The MAP Statistics include information on MAP inventories, cases initiated, completed, withdrawn, and average cycle time. These statistics are provided for the OECD member countries and some non-OECD economies. This information is very helpful in reviewing the trend of MAP filings in relevant jurisdictions. There were 3,838 open MAP cases by OECD member countries at the end of 2011, with an average completion time of 25 months.
The OECD Forum on Tax Administration (FTA) convenes later this year to discuss Best Practices for improving MAP: refer to prior post 27 June 2013.
With the increase of transfer pricing controversies that are inherently complex and subjective in nature, MAP is a tool that is being used more frequently worldwide. Examples of Best Practices to strategize MAP are provided for insight:
Document domestic and bilateral/multilateral avenues of appeal upon commencement of an audit to facilitate advance planning.
Review Double Tax Treaties for relevant Arbitration provisions that are providing an impetus for some jurisdictions to finalize negotiations.
Determine the interplay of domestic appeals (informal settlement, formal Appeals, Court filings, etc.) with MAP early in the audit process.
Outline deadlines for domestic appeals, MAP and other bilateral/multilateral tools (i.e. EU Arbitration Convention)
Develop a pro-forma multilateral calculation to strategize solutions minimizing double taxation.
Ensure MAP and other appeal strategies are integrated in the Tax Risk Framework.
OECD Map with accession (green) and discussion (pink) countries added (Photo credit: Wikipedia the relevant jurisdictions)
The Italian tax administration will be accepting applications until 31 July 2013 for their new Co-operative Compliance program. The OECD Framework for Co-operative Compliance, as summarized in my posting of 13 June 2013, is intended to bring certainty into the tax filing and controversy process while developing a win-win relationship.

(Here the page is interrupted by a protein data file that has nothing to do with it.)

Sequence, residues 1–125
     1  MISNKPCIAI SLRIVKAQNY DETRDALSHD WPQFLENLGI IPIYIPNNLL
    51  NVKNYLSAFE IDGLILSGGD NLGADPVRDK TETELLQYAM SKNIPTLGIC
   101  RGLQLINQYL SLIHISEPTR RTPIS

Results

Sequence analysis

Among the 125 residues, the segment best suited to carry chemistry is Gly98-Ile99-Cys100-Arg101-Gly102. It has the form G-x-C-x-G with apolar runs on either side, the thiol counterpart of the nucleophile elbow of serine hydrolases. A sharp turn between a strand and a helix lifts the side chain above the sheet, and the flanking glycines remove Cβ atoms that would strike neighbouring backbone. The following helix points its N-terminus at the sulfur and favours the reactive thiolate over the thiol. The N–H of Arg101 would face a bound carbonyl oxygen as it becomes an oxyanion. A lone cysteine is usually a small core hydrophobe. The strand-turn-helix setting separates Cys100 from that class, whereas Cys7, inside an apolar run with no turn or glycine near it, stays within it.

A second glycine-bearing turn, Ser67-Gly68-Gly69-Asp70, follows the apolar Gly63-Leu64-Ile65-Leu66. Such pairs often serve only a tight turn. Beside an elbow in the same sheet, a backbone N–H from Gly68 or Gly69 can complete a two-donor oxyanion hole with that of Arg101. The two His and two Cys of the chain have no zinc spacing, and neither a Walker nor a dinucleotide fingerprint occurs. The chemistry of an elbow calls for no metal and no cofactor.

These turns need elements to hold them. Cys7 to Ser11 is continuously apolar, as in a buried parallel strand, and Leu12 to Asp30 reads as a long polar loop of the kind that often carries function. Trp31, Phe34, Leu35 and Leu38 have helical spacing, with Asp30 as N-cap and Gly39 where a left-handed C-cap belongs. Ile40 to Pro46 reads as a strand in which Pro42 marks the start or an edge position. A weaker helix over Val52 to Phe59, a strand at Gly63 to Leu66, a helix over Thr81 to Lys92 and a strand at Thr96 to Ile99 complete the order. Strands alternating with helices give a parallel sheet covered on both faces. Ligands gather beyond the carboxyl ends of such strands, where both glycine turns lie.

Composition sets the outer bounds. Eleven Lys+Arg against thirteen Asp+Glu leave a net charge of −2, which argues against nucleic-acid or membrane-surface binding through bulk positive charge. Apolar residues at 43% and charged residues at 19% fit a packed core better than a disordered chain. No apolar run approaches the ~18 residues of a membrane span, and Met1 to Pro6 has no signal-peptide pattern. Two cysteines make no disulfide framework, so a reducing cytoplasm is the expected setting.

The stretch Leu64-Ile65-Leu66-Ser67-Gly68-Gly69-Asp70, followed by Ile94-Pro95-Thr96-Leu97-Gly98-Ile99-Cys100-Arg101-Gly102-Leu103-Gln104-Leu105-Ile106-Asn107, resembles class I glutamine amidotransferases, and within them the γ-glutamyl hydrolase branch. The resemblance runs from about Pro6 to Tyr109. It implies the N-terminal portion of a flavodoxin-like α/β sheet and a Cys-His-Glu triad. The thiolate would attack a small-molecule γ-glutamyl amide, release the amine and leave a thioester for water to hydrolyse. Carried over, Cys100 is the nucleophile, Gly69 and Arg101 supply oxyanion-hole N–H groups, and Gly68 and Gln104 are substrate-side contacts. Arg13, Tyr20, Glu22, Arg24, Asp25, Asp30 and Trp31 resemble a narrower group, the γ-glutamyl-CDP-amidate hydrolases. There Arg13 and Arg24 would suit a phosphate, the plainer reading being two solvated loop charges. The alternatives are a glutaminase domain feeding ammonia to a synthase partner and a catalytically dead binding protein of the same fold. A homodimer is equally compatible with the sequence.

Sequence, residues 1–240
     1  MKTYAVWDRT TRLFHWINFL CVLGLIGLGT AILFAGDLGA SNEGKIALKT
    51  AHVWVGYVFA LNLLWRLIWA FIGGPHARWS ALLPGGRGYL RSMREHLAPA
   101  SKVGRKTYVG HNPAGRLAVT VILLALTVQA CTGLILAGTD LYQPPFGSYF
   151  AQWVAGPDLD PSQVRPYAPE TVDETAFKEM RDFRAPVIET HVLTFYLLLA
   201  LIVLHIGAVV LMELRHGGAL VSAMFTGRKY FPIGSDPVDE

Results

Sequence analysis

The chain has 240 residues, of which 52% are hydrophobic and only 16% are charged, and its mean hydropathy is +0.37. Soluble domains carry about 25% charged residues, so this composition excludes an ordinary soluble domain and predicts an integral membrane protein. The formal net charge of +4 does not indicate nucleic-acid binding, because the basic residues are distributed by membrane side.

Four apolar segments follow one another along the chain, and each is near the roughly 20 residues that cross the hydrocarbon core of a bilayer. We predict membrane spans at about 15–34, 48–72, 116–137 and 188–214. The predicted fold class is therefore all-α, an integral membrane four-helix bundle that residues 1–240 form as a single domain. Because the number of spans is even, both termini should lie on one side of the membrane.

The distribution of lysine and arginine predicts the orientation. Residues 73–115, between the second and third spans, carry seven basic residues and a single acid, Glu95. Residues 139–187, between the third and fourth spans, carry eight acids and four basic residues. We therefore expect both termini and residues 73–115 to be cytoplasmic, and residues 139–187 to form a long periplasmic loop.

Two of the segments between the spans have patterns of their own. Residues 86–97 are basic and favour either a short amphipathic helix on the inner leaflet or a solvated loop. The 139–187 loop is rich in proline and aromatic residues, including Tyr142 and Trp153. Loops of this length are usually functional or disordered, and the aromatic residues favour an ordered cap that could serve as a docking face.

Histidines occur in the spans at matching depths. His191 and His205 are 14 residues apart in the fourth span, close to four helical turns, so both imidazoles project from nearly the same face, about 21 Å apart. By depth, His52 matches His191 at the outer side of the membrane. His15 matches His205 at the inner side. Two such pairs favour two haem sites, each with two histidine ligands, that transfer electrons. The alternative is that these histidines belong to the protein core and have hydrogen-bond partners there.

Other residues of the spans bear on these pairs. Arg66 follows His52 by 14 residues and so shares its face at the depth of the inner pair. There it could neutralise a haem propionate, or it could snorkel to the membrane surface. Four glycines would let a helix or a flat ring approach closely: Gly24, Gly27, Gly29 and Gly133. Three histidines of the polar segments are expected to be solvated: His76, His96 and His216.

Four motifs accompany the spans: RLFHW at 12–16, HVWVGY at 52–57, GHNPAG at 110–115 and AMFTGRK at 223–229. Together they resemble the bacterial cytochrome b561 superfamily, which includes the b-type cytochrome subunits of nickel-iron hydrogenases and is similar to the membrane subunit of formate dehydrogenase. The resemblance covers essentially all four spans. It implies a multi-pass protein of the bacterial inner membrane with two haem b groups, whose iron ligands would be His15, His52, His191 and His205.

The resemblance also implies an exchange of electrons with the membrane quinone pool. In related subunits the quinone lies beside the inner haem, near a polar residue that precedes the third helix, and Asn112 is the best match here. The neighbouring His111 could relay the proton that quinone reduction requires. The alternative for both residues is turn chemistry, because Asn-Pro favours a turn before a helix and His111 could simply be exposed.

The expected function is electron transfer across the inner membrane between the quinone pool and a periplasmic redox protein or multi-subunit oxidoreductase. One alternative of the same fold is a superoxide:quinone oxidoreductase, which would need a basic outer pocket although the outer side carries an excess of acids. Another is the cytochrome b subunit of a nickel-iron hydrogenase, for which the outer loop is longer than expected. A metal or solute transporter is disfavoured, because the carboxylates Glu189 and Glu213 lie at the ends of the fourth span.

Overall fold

Mutual cooperation and transparency are the keys to success for this new initiative.
being qualified as a “Large Taxpayer” (under the section 27, paragraph 10, of decree-law no. 185/2008, as converted by section 1 of law no. 2/2009), i.e. taxpayers with total turnover or operating revenues not less than 100 million/€, with reference to the tax year 2011;
having implemented an organizational model pursuant to section 6 of legislative Decree no. 231/2001 or having adopted a “Tax Control Framework” to manage tax risks
belonging to a multinational group of companies, or to carry out its business activity in Italy or abroad through permanent establishments;
having adopted similar cooperative compliance programmes in foreign jurisdictions or having subscribed a code of conduct with other tax administrations;
having already entered into initiatives falling within the concept of cooperative compliance in Italy, such as the International Tax Ruling (provided for by section 8 of decree-law no. 269 of 30 September 2003, converted with amendments into law no. 326 of 24 November 2003 and implemented with Regulation of the Director of the Revenue Agency of 23 July 2004) or having adopted the transfer pricing documentation requirements regime.
Note the importance of having established a Tax Control Framework to manage tax risks, a mandatory requirement for this program.